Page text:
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West Nile Virus

Tuesday, 1 July, 2003

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  West Nile Virus can cause meningitis (inflammation of the tissues covering the brain & spinal cord) & encephalitis (inflammation of the brain).  

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  Infectious disease review  

West Nile virus seems to be a major health concern in the USA this summer. So what is there to know about this virus?

West Nile virus belongs to a family of viruses called flavivirus. Although most people infected with the virus more often get a fever that resolves gradually, it can occasionally cause aseptic meningitis (inflammation of the tissues covering the brain and spinal cord) and severe encephalitis (inflammation of the brain); these serious infections are particularly common among children and the elderly.

Why is it a concern?

The main reason for concern is that this virus is carried and transmitted among wild birds and animals (including  humans) by Culex mosquitoes. Meaning, that spread of this dangerous virus can be very rapid in areas where the Culex mosquitoes are common.

The virus was more commonly found in Africa, the Middle East, southern Europe, and Asia. In 1996 West Nile virus caused more than 300 cases of CNS disease, with 10% mortality, in the Danube flood plain, including Bucharest. In 1999 the virus appeared in New York City, causing more than 60 cases of aseptic meningitis or encephalitis among humans as well as among crows, exotic zoo birds, and other avians. Since then it has spread rapidly to more than 40 states, infecting birds, humans and horses. In addition, the virus has been implicated in severe and fatal hepatic necrosis in some parts of Africa. In 2002, the Centers for Disease Control and Prevention (CDC) reported more than 4,000 human infections in the United States. The disease  threatens to spread farther in the Americas via bird migration.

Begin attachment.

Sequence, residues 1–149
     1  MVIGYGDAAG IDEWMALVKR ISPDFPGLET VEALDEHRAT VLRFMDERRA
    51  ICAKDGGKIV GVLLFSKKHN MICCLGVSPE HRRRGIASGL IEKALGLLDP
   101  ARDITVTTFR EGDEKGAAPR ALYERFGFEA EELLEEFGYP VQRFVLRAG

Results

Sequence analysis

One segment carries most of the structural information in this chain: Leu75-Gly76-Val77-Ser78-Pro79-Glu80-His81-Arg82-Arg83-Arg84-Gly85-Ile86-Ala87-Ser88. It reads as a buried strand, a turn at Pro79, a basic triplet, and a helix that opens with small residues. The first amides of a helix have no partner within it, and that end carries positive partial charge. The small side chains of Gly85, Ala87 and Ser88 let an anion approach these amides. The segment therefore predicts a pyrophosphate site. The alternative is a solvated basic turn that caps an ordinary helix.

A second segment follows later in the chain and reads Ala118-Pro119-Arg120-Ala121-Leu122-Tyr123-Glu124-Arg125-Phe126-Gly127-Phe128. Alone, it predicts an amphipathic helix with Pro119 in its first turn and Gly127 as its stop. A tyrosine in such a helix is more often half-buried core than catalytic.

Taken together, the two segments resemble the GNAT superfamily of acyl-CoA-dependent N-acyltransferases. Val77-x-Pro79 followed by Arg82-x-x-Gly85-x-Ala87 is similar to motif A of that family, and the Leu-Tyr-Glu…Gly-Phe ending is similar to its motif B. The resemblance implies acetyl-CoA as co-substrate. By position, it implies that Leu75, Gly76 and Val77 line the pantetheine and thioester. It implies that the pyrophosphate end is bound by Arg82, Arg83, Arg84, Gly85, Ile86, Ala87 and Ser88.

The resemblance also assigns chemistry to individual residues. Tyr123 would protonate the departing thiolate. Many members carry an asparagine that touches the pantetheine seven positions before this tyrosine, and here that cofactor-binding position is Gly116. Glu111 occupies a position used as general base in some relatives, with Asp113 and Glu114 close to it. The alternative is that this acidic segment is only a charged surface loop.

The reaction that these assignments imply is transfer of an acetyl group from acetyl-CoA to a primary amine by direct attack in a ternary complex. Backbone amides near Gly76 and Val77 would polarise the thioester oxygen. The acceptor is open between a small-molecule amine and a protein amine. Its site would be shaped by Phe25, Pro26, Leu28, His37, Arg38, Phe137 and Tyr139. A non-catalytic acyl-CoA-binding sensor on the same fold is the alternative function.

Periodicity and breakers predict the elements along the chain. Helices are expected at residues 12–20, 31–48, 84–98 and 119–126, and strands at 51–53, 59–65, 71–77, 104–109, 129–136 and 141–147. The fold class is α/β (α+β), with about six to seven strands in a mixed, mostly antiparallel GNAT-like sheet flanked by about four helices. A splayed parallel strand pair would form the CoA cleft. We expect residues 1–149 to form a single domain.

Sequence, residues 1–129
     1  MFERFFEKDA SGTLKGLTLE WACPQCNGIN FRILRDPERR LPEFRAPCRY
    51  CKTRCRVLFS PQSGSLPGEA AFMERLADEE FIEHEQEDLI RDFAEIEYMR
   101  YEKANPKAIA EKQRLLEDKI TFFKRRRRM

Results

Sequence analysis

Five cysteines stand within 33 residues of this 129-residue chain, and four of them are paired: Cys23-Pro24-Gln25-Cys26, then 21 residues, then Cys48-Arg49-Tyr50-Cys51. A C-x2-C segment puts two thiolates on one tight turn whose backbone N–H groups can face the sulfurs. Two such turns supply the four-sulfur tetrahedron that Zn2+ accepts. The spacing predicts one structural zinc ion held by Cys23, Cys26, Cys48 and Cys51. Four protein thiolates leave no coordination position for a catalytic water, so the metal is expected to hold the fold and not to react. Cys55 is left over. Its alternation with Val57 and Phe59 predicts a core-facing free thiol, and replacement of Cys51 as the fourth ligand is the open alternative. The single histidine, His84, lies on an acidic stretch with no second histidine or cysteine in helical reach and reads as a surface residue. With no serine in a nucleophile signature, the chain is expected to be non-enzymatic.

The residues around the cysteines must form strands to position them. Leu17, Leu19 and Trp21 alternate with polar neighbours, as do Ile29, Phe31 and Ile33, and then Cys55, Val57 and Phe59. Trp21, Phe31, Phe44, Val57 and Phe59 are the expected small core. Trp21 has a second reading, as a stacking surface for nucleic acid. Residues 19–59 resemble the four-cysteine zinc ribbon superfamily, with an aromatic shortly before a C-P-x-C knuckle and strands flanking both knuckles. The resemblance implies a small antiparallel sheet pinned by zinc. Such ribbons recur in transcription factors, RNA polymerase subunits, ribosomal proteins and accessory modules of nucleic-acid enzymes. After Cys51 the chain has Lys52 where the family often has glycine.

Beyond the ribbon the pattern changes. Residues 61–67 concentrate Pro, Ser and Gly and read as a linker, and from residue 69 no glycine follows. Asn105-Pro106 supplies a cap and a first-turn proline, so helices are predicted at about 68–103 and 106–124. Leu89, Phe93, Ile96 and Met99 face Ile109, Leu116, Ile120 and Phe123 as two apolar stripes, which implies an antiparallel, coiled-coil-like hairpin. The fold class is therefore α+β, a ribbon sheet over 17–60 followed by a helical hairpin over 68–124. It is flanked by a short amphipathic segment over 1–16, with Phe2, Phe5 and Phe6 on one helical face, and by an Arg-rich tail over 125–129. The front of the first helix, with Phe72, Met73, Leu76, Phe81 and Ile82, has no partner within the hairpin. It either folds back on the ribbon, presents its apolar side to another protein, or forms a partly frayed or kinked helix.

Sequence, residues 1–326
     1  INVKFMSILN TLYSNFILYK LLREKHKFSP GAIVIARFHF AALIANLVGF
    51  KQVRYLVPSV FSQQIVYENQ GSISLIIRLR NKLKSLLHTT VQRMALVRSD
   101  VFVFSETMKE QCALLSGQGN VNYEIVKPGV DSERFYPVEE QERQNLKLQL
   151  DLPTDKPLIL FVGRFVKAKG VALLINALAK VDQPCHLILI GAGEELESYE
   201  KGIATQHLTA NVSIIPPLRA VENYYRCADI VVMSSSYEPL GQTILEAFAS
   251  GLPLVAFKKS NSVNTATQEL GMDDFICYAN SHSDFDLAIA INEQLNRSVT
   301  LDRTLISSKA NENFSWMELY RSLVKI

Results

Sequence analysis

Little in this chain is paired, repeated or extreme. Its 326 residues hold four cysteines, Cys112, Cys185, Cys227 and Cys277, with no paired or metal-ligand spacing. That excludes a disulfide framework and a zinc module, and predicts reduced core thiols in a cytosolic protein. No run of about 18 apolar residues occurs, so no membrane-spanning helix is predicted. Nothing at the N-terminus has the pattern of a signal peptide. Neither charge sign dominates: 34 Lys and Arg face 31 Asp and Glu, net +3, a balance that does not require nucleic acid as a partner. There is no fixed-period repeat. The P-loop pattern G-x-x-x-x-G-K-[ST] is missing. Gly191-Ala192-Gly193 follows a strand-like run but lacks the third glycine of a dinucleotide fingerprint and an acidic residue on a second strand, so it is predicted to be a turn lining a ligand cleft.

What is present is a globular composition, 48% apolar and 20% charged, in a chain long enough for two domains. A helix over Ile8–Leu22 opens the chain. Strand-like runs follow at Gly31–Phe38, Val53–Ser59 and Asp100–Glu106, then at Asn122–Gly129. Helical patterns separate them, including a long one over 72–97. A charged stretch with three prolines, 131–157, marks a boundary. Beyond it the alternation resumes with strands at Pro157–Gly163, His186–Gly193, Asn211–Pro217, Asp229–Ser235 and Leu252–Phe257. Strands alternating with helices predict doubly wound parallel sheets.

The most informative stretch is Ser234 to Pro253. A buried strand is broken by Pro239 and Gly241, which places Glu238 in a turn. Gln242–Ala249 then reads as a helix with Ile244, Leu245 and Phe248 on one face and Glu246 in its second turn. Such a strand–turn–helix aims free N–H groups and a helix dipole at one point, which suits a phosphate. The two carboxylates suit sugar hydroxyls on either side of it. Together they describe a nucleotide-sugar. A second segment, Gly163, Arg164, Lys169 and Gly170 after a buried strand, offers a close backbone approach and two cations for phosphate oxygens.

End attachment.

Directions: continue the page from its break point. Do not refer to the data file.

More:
What are the symptoms?

The Incubation Period of West Nile Virus is 3-6 days.

Common signs and symptoms of West Nile virus infection include:

  • Fever
  • Headache
  • Muscle aches
  • Backache
  • A maculopapular skin rash
  • Lymph gland enlargement

If the infection involves the brain (not common) the signs and symptoms may also include:

  • Severe headache
  • Stiff neck
  • Tremors and convulsions
  • Muscle weakness
  • Delirium
  • Coma

Infection is seasonal and starts in spring with a peak incidence in August (when mosquitoes are more common).

The encephalitis was most severe among the elderly and was often associated with notable muscle weakness and even with flaccid paralysis.

When should a patient seek medical attention

 When the signs and symptoms above appear in spring or summer and especially if you live in an area that is known to have reported cases of West Nile virus infection, you should seek medical attention.


This should be confirmed by serum detection of antibodies (IgM) in the serum of patients. PCR technique for the detection of viral DNA. Viral blood cultures should be performed. A lumbar puncture and CSF (cerebrospinal fluid) analysis of lymphocytic counts can help exclude septic meningitis due to bacterial (not viral) infection.


No specific viral therapy is available. Patients may need to be hospitalized if they develop CNS disease. Treatment is usually limited to supportive care. Some patients may require more aggressive supportive care in the intensive care unit.


  1. People should stay away from any dead animals, especially birds. 
  2. For more information about West Nile virus in a person's community, contact should be made with local public health officials for updated information.
Article reviewed by:

Dr. Tamer Fouad, M.D.

Edited by:

Jeffrey A. Gordon, M.D.

Dr. Russell Musthafa

Dr.Shariful Islam Sohel. MBBS,MESC.

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